Filters
Go back

Continental Uses Recovered Carbon Black in Solid Tires

At Continental’s tire plant in Korbach, Hessen, recovered industrial carbon black (rCB) is being added to newly produced Super Elastic solid tires, thus reducing the use of fossil materials and cutting CO2 emissions.
Continental Europe
Go to photo
At Continental’s tire plant in Korbach, Hessen, recovered industrial carbon black (rCB) is being added to newly produced Super Elastic solid tires, thus reducing the use of fossil materials and cutting CO2 emissions.

IMAGE SOURCE: Continental

  • Continental is using recovered carbon black (rCB) in its Super Elastic solid tires, produced at its Korbach, Germany plant, reducing the use of fossil raw materials and CO2 emissions.

  • The rCB is supplied by Pyrum Innovations, which uses a special pyrolysis process to break down end-of-life tires into individual components for recycling.

  • Continental's solid tires, such as the SC20+, already contain around 60% renewable and recycled materials due to their high natural rubber content.

  • The company aims to use 100% sustainable materials in its tire products by 2050 as part of its commitment to a circular economy.

  • Solid tires are mainly used in material handling by forklift trucks, airport vehicles, heavy transport vehicles, sideloaders, platform trucks, and other industrial vehicles.

  • The rubber compound used in the tires is crucial for high energy efficiency and low rolling resistance, contributing to reduced energy consumption of special vehicles.

  • Continental and Pyrum are working together to further optimize and expand the recycling of end-of-life tires using pyrolysis.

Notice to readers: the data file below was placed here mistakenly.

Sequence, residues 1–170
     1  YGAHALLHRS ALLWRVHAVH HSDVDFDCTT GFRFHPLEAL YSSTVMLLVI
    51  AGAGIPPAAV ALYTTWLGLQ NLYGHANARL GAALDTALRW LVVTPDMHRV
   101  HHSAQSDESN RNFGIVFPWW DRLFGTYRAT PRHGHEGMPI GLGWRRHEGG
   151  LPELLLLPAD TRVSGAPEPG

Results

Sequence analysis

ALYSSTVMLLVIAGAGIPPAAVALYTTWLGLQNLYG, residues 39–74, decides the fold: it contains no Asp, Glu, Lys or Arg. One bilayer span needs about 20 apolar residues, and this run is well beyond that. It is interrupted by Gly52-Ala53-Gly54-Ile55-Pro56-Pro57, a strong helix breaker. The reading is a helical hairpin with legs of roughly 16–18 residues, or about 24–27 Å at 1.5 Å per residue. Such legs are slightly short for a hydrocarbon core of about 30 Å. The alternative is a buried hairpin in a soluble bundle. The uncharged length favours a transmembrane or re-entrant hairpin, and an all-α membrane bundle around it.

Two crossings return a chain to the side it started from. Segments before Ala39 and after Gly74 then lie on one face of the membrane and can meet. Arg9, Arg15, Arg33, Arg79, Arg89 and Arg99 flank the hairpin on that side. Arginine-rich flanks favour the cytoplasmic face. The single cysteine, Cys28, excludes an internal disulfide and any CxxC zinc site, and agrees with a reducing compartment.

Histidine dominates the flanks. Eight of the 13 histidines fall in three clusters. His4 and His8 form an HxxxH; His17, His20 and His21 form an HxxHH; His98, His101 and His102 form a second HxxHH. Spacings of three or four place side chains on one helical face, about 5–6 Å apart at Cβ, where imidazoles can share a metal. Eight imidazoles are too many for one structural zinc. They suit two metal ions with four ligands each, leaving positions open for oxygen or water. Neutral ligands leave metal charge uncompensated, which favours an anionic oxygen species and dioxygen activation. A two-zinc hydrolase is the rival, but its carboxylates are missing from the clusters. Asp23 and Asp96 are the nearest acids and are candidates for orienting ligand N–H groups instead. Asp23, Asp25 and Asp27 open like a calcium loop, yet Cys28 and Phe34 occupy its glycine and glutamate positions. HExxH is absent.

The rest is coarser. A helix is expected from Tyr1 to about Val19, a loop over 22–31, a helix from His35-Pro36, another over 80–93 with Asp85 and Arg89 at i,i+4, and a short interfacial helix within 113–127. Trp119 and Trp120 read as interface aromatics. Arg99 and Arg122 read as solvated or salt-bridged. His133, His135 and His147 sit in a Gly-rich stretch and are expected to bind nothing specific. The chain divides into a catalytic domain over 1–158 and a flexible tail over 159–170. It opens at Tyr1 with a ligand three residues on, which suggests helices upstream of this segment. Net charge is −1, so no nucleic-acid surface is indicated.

• Continental is striving for 100% carbon-neutrality along its entire value chain by 2050.

  • Solid tires from Continental’s tire plant in Korbach now contain carbon black recovered from end-of-life-tires

  • Recovered carbon black reduces use of fossil raw materials and CO2 emissions

  • By 2050 at the latest, Continental aims to use 100 percent sustainable materials in its tire products

Continental continues to step up its activities to ensure a circular economy. Recently, the tire manufacturer added recovered carbon black (rCB) to its newly produced Super Elastic solid tires at its tire plant in Korbach, Germany, thus reducing the use of fossil raw materials and CO2 emissions. Solid tires such as Continental’s SC20+ already contain around 60 percent renewable and recycled materials thanks to their high natural rubber content. By 2050 at the latest, Continental aims to use 100 percent sustainable materials in its tire products.

Advertisement

The recovered carbon black is supplied by Pyrum Innovations, one of Continental’s partner companies. Pyrum breaks down end-of-life-tires into their individual components in industrial furnaces using a special pyrolysis process. This allows valuable raw materials contained in end-of-life-tires to be extracted and recycled. Solid tires have a high load capacity and are extremely stable, puncture-proof, maintenance-free and highly economical. They are mainly used in material handling by forklift trucks, airport vehicles, heavy transport vehicles, sideloaders, platform trucks and other industrial vehicles.